The use of cloud-based ERP, automation technology and Saas technology are gaining prominence in the finance scene to build agility and quality into day-to-day business processes. Similarly, blockchain and self-driving finance, unified ledger integration, AI and digital invoicing are set to transform the finance world in 2018. All this is indicative of a dramatic restructuring of the financial landscape in the year ahead. Corporates and enterprises alike need to keep up with the changing times and utilise digital technologies and ROI elements. Ensuring that companies get the best ROI, it is vital to venture out into newer avenues and embrace technology solutions. There are several hidden opportunities that can be mined to profit the company.
A company’s growth and success are dependent on various factors, one of which is smooth cash cycles that are mostly stuck in unpaid receivables that are almost always delayed. When these payments get delayed, it makes it hard for the company to stay afloat as it affects their cash flow. Traditionally, there have been different financial products to facilitate working capital funding like supply chain financing, working capital loans, overdrafts, cc limits, etc. However, these options required hours of elaborate paperwork and hidden charges by banks and other financial institutions.
Over the last couple of years, dynamic discounting has emerged as a viable option for buyers to bridge the gap between the supply of goods or services and payment by the buyer by making payments earlier than the due date at a discount on the invoice amount.
In KredX’s experience as a cash flow solutions provider, we have witnessed first-hand the improvement in efficiency and profitability across organisations through the use of dynamic discounting and invoice discounting products. By providing a holistic technological cash flow ecosystem for corporates and their suppliers we are able to bridge the gap between payables, receivables and their individual financing needs, allaying a CFO’s worries about the company finances and the treasury. The use of such a financial tech product in our experience has yielded organisations ~16% profits at zero-risk without the need to manage their suppliers on their own. This, right here is the power of change a CFO can bring into an organisation. By automating processes within the company and utilising technology to take their company to the next level, they have spearheaded the prospects of their business and redefined their role in the process.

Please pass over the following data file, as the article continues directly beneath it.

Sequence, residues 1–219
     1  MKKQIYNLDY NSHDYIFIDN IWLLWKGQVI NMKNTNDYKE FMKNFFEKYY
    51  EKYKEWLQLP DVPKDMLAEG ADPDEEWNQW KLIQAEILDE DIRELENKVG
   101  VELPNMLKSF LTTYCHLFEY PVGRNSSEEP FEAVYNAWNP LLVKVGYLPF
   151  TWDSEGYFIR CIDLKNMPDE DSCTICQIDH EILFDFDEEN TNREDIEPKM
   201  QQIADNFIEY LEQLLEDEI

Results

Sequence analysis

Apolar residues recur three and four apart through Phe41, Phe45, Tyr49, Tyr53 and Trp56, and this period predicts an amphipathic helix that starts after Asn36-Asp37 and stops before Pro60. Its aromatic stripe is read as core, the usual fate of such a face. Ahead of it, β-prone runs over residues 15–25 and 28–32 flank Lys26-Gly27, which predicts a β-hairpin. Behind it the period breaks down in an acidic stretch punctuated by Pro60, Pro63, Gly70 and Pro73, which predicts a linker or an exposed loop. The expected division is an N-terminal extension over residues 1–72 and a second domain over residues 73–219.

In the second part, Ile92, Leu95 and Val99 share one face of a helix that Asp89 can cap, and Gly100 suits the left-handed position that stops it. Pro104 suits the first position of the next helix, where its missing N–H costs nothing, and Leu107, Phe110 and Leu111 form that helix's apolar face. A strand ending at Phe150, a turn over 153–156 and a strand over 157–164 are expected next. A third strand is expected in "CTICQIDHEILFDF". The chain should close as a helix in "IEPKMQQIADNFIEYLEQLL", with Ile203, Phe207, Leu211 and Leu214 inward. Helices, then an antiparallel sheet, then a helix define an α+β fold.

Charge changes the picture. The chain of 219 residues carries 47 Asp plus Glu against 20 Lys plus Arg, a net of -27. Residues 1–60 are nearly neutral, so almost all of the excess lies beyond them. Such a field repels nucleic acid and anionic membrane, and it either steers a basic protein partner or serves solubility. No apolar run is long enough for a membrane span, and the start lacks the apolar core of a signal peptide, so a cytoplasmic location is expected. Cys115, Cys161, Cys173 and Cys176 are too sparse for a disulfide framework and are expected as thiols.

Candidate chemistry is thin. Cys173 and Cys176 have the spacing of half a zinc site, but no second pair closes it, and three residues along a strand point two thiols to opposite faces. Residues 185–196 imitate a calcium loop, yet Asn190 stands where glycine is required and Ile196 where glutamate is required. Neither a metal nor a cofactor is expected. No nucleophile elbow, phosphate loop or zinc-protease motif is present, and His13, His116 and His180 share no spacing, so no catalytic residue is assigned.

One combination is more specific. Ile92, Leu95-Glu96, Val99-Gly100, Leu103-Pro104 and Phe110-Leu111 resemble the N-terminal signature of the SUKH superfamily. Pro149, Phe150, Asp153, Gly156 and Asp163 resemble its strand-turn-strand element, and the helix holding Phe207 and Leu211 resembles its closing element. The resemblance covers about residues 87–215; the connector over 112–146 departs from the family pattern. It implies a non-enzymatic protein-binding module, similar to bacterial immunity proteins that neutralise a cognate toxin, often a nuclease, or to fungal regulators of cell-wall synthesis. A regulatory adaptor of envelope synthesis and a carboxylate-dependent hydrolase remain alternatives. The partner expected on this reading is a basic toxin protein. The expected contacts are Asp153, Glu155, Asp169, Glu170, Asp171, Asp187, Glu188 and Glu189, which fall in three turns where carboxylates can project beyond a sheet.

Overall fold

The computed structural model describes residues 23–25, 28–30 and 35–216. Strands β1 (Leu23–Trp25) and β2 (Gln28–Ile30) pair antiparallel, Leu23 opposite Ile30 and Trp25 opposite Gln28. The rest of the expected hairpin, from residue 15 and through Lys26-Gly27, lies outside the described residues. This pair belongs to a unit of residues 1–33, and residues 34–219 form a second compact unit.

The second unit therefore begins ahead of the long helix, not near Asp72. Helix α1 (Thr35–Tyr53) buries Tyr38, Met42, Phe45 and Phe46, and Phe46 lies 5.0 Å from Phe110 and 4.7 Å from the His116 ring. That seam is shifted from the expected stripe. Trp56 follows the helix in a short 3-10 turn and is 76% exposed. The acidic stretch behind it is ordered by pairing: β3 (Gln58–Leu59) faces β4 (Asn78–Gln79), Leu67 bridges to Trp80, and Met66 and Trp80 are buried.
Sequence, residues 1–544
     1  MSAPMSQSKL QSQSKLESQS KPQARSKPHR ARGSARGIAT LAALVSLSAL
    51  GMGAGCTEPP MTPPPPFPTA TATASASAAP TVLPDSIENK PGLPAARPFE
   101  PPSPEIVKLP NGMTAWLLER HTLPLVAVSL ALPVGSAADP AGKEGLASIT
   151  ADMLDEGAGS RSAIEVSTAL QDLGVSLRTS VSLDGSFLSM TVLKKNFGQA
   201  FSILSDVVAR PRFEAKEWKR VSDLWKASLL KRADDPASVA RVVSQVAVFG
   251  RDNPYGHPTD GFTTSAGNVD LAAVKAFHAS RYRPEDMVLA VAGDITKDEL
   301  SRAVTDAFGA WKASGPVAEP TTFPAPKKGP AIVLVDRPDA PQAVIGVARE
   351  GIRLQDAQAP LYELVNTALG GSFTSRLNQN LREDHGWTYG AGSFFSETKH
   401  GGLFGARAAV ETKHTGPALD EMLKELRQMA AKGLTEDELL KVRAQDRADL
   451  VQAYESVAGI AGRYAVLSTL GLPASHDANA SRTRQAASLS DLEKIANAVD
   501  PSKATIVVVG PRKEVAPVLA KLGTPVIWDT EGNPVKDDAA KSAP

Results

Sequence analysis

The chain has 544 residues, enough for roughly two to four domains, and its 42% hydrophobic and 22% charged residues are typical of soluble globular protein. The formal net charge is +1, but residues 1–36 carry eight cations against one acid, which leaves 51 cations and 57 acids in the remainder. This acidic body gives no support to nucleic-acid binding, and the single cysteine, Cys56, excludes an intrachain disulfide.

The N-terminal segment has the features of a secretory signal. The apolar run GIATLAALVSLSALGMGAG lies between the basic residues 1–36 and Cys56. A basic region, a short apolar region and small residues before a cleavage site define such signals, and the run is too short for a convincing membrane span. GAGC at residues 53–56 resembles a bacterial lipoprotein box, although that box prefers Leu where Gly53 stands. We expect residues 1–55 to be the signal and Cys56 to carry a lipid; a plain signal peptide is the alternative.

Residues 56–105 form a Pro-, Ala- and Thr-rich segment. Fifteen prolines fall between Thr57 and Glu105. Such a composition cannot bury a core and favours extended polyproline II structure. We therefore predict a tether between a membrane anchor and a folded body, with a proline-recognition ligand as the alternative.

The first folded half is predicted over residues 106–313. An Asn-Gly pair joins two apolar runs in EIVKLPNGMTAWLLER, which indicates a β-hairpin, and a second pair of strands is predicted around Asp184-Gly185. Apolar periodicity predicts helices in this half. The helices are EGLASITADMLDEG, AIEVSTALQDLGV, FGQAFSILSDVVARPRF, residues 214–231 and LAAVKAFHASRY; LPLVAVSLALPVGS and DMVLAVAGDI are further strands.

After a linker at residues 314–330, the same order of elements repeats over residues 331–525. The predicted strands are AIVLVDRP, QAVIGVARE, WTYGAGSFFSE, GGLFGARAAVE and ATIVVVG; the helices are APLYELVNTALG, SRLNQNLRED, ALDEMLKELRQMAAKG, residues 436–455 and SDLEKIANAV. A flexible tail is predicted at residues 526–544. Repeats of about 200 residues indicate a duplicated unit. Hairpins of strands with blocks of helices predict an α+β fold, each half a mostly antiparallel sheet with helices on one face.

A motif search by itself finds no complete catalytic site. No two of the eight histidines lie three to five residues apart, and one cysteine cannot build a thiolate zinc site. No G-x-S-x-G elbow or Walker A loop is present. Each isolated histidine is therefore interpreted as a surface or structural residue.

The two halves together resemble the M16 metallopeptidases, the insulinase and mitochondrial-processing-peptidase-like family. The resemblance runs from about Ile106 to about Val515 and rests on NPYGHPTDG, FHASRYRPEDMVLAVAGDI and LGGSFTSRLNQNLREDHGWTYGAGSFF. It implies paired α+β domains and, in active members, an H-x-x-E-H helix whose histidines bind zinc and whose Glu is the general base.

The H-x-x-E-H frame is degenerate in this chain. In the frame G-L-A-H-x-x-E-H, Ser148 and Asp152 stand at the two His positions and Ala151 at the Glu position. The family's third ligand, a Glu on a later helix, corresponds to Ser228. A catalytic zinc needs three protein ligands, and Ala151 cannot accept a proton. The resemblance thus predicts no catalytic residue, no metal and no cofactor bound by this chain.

With over $43 trillion dollars stuck in outstanding Accounts Payables globally, it paints a grim picture of the global business landscape because it slows down the economy due to lower efficiency. Now imagine a scenario where you could turn this around by offering a solution that could potentially free up at least $5 billion of these stuck accounts payables. By freeing even a part of this chockablock, you could make a huge impact on payments and the way businesses function across the globe. This global issue is what KredX and other fintech companies are attempting to solve through disruptive technology while making it profitable for larger corporates and benefitting the treasury at the same time.